It is a surprising step in the Black Peter debate: the UN is now investigating the Sinterklaas and Black Peter tradition. Chair of the investigating group professor Verene Shepherd has already concluded that Black Peter is a return to slavery and should be abolished (see http://www.eenvandaag.nl/binnenland/47577/zwarte_piet_waarom_raakt_de_discussie_heel_nederland_?autoplay=1) She is surprised that the Dutch close their eyes for racism and she thinks it is the Prime Minister of the Netherlands, Mark Rutte, who should abolish the tradition (as if we live in a country with a dictator, and not in a democracy with a poldermodel). She gives her comments as ‘a black person’ even before the investigation has taken place and shows her limited multicultural knowledge by remarking that the Netherlands do not need ‘two Santa Clauses’. The Dutch only recently knew the American Santa Claus that comes with Christmas; it is certainly not a Dutch tradition and many Dutch hesitate to adopt it: they think that Christmas is for religion and Santa Claus is not part of that, or they think it is too commercial or too American. Very strange to see the head of a UN team as a promotor for American traditions around the world.
All this is part of the Human Rights policy of the UN and it leads to cynical remarks: that apparently the UN finished the job for human rights in Syria? that there is no starvation, genocide or war left the UN could better be busy with? In the meantime this year, the UN also ranked the Dutch children for the 2nd time as the happiest children in the world: http://www.dutchdailynews.com/dutch-kids-ranked-happiest-in-the-world/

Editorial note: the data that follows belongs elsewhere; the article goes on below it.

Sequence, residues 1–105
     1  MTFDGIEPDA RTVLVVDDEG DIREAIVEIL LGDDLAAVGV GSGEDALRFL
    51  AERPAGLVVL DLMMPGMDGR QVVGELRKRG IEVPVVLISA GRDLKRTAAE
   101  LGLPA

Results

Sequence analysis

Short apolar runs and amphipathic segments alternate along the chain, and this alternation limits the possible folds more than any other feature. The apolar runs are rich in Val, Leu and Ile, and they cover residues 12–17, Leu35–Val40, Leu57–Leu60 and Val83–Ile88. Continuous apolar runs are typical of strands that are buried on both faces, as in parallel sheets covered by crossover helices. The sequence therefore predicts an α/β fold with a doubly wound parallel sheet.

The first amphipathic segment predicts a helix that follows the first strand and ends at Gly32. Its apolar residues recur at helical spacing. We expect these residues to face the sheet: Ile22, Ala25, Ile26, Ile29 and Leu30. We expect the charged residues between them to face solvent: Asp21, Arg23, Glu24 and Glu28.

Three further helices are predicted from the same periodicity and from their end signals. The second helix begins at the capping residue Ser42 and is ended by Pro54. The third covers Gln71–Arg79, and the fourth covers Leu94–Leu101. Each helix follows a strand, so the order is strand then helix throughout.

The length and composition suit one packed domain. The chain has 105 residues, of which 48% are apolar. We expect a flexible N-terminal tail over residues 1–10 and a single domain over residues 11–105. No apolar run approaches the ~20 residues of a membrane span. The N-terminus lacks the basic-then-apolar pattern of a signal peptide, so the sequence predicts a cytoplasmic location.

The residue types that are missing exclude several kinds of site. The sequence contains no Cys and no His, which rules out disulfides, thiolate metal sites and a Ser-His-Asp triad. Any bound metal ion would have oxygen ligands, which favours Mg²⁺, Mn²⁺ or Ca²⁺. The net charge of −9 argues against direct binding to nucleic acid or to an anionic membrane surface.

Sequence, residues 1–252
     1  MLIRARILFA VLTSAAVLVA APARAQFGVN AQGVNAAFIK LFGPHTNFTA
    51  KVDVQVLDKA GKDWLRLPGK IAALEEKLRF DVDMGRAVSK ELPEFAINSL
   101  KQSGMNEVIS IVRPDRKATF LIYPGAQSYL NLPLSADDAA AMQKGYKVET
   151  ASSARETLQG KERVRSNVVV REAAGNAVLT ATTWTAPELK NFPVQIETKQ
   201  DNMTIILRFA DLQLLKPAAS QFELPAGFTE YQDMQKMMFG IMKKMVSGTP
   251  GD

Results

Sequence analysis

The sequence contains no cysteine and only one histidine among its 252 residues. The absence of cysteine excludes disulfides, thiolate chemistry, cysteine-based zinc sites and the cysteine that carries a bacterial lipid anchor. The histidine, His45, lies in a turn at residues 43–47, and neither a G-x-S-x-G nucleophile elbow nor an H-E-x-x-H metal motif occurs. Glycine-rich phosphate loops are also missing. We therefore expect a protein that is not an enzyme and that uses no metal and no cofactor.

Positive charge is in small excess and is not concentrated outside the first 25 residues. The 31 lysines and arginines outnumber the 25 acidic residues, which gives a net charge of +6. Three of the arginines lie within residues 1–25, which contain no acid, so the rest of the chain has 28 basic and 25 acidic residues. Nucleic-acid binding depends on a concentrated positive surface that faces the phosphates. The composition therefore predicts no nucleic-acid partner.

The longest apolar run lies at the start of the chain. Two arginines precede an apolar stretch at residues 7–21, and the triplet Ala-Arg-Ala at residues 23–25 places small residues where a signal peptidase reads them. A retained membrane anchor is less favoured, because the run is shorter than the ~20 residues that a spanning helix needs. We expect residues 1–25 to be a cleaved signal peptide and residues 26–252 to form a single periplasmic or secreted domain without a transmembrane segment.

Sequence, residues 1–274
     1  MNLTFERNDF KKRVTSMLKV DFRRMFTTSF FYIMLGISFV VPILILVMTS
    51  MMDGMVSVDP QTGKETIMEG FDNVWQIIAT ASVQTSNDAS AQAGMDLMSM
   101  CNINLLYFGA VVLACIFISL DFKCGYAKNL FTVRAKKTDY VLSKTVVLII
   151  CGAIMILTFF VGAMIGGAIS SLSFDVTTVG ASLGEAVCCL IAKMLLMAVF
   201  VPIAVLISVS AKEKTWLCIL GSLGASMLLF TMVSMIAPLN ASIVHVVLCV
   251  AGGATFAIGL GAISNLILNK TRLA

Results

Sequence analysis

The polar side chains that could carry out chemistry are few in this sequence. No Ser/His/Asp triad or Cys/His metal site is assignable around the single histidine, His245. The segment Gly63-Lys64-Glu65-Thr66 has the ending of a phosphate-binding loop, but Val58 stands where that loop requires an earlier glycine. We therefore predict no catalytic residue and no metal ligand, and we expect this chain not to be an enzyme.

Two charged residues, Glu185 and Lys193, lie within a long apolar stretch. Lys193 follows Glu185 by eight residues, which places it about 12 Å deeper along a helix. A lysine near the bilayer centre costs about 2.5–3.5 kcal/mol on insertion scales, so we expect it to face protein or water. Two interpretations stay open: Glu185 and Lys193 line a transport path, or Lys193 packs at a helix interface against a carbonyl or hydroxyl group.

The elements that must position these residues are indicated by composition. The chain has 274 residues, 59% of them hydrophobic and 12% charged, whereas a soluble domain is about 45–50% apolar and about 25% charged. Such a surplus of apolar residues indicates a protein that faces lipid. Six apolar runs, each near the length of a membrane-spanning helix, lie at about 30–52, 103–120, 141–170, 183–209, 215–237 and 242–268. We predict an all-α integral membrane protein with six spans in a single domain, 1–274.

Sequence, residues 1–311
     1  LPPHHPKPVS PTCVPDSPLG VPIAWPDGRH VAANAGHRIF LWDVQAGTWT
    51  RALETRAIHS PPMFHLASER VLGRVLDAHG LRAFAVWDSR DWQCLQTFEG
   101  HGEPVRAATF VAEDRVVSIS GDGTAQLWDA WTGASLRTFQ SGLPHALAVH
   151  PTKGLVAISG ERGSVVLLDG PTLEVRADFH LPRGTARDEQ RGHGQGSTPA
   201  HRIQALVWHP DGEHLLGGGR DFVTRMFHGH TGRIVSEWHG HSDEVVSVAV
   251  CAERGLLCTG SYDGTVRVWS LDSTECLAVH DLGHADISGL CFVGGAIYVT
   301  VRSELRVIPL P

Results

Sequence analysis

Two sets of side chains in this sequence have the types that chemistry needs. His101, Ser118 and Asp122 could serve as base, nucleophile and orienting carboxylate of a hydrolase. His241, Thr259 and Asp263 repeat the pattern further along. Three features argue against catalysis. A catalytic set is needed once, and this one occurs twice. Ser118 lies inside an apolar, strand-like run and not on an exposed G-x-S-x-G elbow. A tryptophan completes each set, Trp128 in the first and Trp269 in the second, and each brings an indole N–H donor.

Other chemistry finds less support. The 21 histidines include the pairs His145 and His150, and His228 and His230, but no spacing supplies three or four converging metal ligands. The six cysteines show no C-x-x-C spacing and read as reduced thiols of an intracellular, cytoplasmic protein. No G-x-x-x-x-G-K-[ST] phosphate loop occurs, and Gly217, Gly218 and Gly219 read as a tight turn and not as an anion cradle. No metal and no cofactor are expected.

So far the Dutch debate was much about the origin of Black Peter: people were trying to prove that the source was bad so Black Peter should be forbidden, as the art historian Elmer Kolfin thinks (see: http://www.volkskrant.nl/vk/nl/2686/Binnenland/article/detail/3531694/2013/10/23/Geen-twijfel-over-mogelijk-Zwarte-Piet-stamt-af-van-kindslaven.dhtml), he says Black Peter reflects 17th century child slavery. Others say the opposite, that Sinterklaas has freed black child slaves or just one, the Ethiopian boy Piter, and that that is what the Dutch celebrate. Organisations were talking about experiments, working with a black Sinterklaas and white Peters, or multicoloured Peters. But the freedom of experimenting has disappeared suddenly. Whoever experiments with this tradition now, is seen as someone who calls others ‘racist’. Anger has entered the debate. The world is now really black and white, some are ‘good’ (Verene Shepherd c.s.) and some are bad, racist (the Dutch celebrating).
A new facebook page was opened yesterday to support the Dutch tradition of Sinterklaas and Black Peter and it now has already 1,5 Million likes, an extreme amount of reactions for a country like the Netherlands: https://www.facebook.com/pietitie. The debate has sharpened and I think the UN involvement has done a lot of harm.